Why Your Competitor is Buying the Company You Think is Worthless

Does the name Vera Coking ring a bell? She’s the stubborn homeowner who held her ground, unwilling to sell as a city sprouted around her. Even if you don’t remember her, there’s a good chance you’ll recall the iconic photograph of her family’s summer home, nestled in between the framework of a planned Atlantic City casino.

Mrs. Coking bought her Atlantic City home in the 1960s for just $20,000, a pittance by today’s standards – and while inflation and elbow grease surely raised the value over the years, the $1 million offer Mrs. Coking received, within ten years of the original purchase, had nothing to do with kitchen renovations.

While Mrs. Coking arguably held onto her property for too long for personal reasons, selling after Atlantic City fell into turmoil, several of her neighbors reaped the benefits of knowing the worth of their own assets, even if it wasn’t clear at first glance; for example, the nearby pawn shop owner who received $1.6 million, or the restaurant owner who negotiated $2.1 million.

Had it not been for their locations, and the intrinsic value of what could be, rather than what is, neither business would’ve drawn nearly the profit. You can most likely guess that pawn shop, and the restaurant were both demolished after the sale, in order to prioritize the space for businesses that were much more profitable than the resale of diamond rings and televisions.

Right about now, you’re probably thinking, “What does that have to do with me, or the competition the next town over?” The answer is – a lot. Maybe you’ve watched businesses around you decline over the past five years due to the introduction of TNCs to the market. It has affected bottom-lines throughout the world, but it doesn’t mean those companies are worthless. You may be overlooking the value hidden behind the books and physical assets.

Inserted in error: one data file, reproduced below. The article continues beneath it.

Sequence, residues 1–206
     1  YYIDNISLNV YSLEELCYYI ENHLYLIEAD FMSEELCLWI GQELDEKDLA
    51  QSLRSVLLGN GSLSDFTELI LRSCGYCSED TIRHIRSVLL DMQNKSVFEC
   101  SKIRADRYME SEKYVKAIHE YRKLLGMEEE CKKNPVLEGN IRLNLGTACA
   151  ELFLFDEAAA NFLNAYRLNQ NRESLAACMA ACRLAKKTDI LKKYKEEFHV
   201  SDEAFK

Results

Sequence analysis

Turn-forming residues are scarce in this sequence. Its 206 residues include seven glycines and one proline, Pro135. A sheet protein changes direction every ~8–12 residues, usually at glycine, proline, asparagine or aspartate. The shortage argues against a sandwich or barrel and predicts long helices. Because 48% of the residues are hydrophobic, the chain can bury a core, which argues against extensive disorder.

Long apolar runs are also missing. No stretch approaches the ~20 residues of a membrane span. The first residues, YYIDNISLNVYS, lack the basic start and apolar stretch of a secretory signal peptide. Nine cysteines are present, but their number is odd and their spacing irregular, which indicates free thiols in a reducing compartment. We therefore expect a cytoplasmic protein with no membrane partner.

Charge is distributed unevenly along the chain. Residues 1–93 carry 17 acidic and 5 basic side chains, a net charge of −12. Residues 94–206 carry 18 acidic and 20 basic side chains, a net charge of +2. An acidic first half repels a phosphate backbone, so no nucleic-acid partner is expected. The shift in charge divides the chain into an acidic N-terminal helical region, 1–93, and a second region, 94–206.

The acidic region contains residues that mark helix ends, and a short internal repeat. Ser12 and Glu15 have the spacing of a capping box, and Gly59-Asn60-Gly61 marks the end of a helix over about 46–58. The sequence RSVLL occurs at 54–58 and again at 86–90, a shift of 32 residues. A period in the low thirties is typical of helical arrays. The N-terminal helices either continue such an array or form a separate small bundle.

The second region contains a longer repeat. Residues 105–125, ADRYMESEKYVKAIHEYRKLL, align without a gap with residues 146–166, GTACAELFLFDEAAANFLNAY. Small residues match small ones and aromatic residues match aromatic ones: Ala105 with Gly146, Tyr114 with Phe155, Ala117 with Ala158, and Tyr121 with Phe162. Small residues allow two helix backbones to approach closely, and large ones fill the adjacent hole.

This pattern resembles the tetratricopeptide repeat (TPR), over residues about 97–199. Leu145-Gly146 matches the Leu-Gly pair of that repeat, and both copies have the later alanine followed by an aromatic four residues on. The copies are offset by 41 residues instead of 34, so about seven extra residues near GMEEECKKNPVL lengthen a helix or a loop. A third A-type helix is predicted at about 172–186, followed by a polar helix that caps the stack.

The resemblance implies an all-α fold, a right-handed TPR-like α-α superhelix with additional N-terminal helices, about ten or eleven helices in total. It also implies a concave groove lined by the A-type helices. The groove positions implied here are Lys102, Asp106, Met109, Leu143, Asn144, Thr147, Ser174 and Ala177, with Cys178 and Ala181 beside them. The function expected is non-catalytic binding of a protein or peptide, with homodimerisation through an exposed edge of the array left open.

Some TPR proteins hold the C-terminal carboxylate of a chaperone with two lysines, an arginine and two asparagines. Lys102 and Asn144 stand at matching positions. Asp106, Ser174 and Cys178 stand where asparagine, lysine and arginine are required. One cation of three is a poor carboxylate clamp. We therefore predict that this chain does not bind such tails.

Here are a couple of common scenarios that make transportation companies more valuable than meets the eye:

  • Location, location, location. Company A provides services to a territory that is the last piece of your puzzle. You’ve been growing for years, able to market to consumers in every zip code on the eastern side of the state, except for those included in Company A’s portfolio. It might make sense to acquire Company A in order to expand into the area. Not only does the takeover diminish the chance of additional competition stepping in, but it reduces your need to build a client base from the ground up.
  • Their mismanagement can be your gain. While it can be daunting to consider acquiring a business that has been plagued by maladministration, whether it be in their financials, staffing, public relations, or otherwise, you may want to consider it. Fresh, capable perspectives can help to turn a failing company into a stable segment within your high-functioning company.

If you’re considering expanding your business, contact the Tenney Group to discuss your growth strategy, and discover how you can lead your company into the future.

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